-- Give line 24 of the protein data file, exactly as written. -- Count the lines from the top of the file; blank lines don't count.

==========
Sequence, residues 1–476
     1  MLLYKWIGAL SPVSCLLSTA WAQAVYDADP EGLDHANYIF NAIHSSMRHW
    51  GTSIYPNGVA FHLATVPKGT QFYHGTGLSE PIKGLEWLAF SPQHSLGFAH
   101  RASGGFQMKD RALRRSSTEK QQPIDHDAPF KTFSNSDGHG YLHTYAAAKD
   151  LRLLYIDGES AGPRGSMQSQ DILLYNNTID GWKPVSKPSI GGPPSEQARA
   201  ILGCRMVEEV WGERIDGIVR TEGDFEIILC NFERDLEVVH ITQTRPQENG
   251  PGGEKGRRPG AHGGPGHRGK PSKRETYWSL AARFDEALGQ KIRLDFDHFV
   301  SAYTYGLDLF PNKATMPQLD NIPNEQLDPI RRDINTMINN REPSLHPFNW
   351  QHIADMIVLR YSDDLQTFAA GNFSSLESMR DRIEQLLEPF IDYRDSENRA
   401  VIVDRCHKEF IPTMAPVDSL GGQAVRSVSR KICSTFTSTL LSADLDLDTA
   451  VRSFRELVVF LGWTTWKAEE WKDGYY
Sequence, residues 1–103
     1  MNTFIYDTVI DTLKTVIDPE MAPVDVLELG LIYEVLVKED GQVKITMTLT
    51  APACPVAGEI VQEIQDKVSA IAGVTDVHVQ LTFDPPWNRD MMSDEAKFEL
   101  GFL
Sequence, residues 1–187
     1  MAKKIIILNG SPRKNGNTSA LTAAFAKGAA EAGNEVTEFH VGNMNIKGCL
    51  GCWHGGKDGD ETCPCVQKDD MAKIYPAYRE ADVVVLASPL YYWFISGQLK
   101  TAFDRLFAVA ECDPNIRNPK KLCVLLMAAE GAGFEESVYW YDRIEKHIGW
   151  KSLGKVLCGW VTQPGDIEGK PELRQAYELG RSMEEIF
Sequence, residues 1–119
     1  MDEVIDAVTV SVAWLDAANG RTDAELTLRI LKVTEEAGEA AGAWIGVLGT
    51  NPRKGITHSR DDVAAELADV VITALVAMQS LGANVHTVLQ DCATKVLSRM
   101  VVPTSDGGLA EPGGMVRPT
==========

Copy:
   101  VVPTSDGGLA EPGGMVRPT